Another form of attack that is used is to take a common word that people might have as a password, hash it, and search for the user(s) that match the passwords, rather than trying to find a specific password for a user. Using a salt will prevent this kind of attack as well.

  9. #59
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    Quote Originally Posted by Stormrider View Post
    Not necessarily. If someone gains access to your salt, they still have to generate rainbow tables for that particular salt. One per user if you use user salts.

    Another form of attack that is used is to take a common word that people might have as a password, hash it, and search for the user(s) that match the passwords, rather than trying to find a specific password for a user. Using a salt will prevent this kind of attack as well.
    that's what I meant. I assumed they would go through the hassle of creating rainbow tables for salt + hashed password.
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  10. #60
    secure webapps for all Aleksejs's Avatar
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    Using single iteration creating rainbow table for dictionary with a given salt would require say 20 minutes, using 500 iterations for a given salt it would require 500 times longer -> 6 days 22 hours and 40 minutes.

  11. #61
    secure webapps for all Aleksejs's Avatar
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    Proposal to move this thread to "Web Security" subforum.

  12. #62
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    Ok, so I am really new to this whole thing
    and read most of your posts and am in the dark for the most part.

    i have a few questions.

    1. I understand encrypting the passwords inside a database protects them from someone who may figure out how to query your db and get your users table, but how does encrypting them protect against brute force on a login page since the end user is entering plain text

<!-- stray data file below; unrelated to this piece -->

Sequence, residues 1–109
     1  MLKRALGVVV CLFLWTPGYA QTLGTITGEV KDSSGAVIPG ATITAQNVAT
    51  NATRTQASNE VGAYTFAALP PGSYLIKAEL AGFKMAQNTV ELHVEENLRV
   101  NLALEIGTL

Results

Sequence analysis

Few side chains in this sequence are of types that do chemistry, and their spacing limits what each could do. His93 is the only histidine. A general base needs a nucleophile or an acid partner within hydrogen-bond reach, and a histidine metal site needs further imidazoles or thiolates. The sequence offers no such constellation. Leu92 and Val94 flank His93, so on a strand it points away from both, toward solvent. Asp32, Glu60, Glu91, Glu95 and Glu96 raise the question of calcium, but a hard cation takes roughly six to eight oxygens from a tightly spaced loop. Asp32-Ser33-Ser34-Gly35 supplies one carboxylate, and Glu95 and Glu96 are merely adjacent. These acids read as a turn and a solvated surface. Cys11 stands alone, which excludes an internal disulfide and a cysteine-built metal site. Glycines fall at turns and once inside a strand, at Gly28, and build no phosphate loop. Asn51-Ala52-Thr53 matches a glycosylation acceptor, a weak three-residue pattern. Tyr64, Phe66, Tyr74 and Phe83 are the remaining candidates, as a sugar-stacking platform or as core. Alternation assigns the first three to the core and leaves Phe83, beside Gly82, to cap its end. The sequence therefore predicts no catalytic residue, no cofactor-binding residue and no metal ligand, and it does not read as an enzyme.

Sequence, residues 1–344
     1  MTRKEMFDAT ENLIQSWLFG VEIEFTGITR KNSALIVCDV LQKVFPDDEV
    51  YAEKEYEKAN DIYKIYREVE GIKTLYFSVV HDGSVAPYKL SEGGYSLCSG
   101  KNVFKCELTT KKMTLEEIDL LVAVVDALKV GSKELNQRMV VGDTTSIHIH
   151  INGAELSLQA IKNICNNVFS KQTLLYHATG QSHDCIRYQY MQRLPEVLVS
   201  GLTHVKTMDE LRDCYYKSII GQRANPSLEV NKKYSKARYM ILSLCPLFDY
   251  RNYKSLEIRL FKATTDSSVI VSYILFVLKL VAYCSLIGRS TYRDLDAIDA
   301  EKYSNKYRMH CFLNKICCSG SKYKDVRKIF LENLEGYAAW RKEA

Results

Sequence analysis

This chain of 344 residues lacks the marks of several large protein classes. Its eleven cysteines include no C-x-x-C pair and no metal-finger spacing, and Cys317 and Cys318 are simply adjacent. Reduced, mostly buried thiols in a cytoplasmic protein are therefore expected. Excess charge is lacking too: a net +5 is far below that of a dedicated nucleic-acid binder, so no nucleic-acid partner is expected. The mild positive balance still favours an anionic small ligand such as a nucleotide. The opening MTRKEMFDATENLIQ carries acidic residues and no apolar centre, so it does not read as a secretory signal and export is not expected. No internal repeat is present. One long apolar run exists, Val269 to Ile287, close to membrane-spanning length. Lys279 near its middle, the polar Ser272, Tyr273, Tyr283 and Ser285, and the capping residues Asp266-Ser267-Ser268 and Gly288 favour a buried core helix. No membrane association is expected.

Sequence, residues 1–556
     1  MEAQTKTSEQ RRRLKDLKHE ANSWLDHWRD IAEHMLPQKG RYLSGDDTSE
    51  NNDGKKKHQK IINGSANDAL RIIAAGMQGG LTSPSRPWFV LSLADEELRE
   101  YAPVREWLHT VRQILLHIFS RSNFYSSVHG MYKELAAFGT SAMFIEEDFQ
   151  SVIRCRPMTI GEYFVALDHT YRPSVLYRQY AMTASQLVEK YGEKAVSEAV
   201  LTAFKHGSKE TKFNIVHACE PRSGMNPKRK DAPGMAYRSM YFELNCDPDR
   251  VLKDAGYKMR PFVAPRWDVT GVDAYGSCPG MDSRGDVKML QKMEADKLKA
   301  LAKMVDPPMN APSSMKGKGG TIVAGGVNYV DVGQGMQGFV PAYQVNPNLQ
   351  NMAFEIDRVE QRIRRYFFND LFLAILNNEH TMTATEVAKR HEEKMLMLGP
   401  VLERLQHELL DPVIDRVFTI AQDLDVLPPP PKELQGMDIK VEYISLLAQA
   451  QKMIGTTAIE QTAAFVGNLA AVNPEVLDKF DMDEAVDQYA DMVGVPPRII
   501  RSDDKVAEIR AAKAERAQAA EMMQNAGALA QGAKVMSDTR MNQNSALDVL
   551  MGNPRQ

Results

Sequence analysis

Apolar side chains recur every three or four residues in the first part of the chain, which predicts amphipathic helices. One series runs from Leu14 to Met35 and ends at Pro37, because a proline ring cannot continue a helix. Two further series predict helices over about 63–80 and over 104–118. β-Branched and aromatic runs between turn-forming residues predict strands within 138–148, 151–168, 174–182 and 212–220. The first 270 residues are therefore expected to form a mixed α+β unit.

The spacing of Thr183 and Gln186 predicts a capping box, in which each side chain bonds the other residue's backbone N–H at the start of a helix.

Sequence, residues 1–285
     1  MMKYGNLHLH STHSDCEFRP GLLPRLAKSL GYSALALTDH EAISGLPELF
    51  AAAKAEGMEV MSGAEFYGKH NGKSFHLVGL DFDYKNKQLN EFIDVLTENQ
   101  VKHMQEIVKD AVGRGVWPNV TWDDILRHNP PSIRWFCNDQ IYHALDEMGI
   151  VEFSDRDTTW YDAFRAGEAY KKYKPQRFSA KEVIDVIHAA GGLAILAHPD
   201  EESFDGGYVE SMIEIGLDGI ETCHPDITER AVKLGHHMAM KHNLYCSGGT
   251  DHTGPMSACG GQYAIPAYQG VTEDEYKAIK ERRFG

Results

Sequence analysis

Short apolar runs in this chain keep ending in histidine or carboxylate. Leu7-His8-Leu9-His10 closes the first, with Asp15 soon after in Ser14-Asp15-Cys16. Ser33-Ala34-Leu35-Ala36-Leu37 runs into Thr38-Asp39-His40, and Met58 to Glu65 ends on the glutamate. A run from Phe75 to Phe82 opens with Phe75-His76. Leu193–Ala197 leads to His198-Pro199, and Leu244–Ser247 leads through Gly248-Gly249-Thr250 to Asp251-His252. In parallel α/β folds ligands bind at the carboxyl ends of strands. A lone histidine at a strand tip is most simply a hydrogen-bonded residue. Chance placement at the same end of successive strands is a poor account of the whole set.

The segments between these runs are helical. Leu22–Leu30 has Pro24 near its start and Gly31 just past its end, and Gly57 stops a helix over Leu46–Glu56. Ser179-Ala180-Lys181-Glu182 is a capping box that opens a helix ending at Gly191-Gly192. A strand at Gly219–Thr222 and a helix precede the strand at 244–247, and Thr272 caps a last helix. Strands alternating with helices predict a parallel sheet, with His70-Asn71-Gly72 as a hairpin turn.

2. wouldn't a more effective way to prevent against brute force be denying a speciffic IP address from loging in after x failed attempts?

  13. #63
    SitePoint Wizard silver trophybronze trophy Stormrider's Avatar
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    Quote Originally Posted by bri_php View Post
    Ok, so I am really new to this whole thing
    and read most of your posts and am in the dark for the most part.

    i have a few questions.

    1. I understand encrypting the passwords inside a database protects them from someone who may figure out how to query your db and get your users table, but how does encrypting them protect against brute force on a login page since the end user is entering plain text
    It doesn't. That is a separate issue. You could prevent that by only allowing a certain number of login attempts within a certain time limit, enforcing a minimum length password (although I don't like this generally) etc.

    Quote Originally Posted by bri_php View Post
    2. wouldn't a more effective way to prevent against brute force be denying a speciffic IP address from loging in after x failed attempts?
    Yes, should have read the rest of your post before replying :P

    The point of storing the password decently is to stop brute force attacks on the hash itself. A hacker could do this on his own machine, outside the context of the website, so the site can't enforce limited attempts etc.

  14. #64
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    Quote Originally Posted by Stormrider View Post
    The point of storing the password decently is to stop brute force attacks on the hash itself. A hacker could do this on his own machine, outside the context of the website, so the site can't enforce limited attempts etc.
    Ok, so how would someone do such a thing? that just doesn't make much sense to me.

  15. #65
    secure webapps for all Aleksejs's Avatar
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    Hi, bri_php:
    I suggest you read wikipedia article:
    http://en.wikipedia.org/wiki/Key_strengthening
    and if you want serious explanation:
    http://www.schneier.com/paper-low-entropy.html

  16. #66
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    I agree with alien dev..it will not be secured anyways